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Public hearing set for Jan. 8, final City Council vote scheduled for Jan. 14



Commissioner Steve Novick has revised the proposed street fee one more time in a last-ditch effort to win City Council approval and avoid a ballot measure fight.

But Novick warns that if it fails at the council or ballot box, he will campaign for a progressive income tax to fund street maintenance and safety projects in 2016.

The revised proposal drops the progressive personal income tax that had been the residential portion of the fee. It is replaced with what Novick is calling a "user fee" that will vary by income, based on national statistics showing that gasoline consumption increases as income goes up.

“Gasoline use is one proxy for ‘road use,’ and gasoline use varies somewhat by income level,” Novick said when he announced the change Monday morning.

Novick said the City Council will hold a public hearing on the revised proposal on Jan. 8, with the final vote scheduled for Jan. 14.

Under the revised proposal, tax filers in the lowest fifth of income distribution would pay $3 a month; filers in the second fifth would pay $5 a month; filers in the middle fifth would pay $7.45 a month; filers in the second-highest fifth would pay $9 a month; and filers in the top fifth would pay $12 a month.

Although similar to a progressive personal income tax, the revised proposal varies in two significant ways from the most recent residential proposal. First, everyone who files taxes will pay something, compared to the approximately 40 percent of Portlanders who would have been exempt. And second, the top rate is only $12 a month compared to $75 a month.

“My personal preference is for a progressive income tax, which is also the most popular option among Portlanders generally. But pursuing that option would involve a campaign that would not end until at least May, and possibly November of 2016 — which means postponing actual work to repair streets and make them safer. As the mayor and I have repeatedly said, the longer we wait, the worse the problem gets. It seems possible that we could pass a user fee in council that would not require a campaign, which would mean that we could get to work much sooner,” Novick said.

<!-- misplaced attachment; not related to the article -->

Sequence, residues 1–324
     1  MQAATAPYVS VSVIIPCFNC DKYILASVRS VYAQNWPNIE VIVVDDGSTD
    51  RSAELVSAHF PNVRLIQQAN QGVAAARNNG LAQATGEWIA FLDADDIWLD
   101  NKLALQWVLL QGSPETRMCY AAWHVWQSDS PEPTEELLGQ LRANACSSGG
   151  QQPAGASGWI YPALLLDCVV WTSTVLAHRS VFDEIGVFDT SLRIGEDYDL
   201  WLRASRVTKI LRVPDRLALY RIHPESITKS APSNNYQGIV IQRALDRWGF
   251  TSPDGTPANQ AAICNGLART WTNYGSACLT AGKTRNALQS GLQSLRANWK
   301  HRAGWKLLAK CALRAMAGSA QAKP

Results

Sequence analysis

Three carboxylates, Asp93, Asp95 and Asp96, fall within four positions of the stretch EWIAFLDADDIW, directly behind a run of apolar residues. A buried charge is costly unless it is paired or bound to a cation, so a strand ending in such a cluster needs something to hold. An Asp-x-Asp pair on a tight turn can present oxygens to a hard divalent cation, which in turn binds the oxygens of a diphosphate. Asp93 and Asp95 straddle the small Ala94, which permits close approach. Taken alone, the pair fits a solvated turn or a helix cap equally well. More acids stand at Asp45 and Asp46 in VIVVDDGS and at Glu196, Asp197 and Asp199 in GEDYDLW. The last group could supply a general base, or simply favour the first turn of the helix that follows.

The nonresidential portion of the fee is unchanged. It is a sliding scale for businesses, governments and nonprofit organizations based in part on gross revenues and number of employees. Each portion is intended to raise $23 million a year, for a total of $46 million a year. It would be collected by the city Revenue Bureau, which would incur initial start up and ongoing administrative costs.

It was not immediately clear whether the revised proposal will prevent the fee from being referred to the ballot. A number of individuals and groups have said they would try to refer a previous version to the ballot. They include the Portland Business Alliance, which opposed the progressive income tax. Sandra McDonough, the President and CEO of the PBA, was on vacation when Novick made his Monday announcement.

In addition, some neighborhood association members are questioning the nonresidential portion of the fee. Southeast Uplift, the coalition office representing dozens of Southeast Portland neighborhoods, filed a public records lawsuit to obtain worksheets used by the Portland Bureau of Transportation to determine the amount each business, government and nonprofit organization will pay. Robert McCullough, an economic consultant who is president of SEUL and chair of the Eastmoreland Neighborhood Association, says the worksheets are riddled with errors that undermine the accuracy and fairness of the assessments. Among other things, McCullough says that major transportation companies will not pay their fare share, despite doing a disproportionate amount of damage to the roads.

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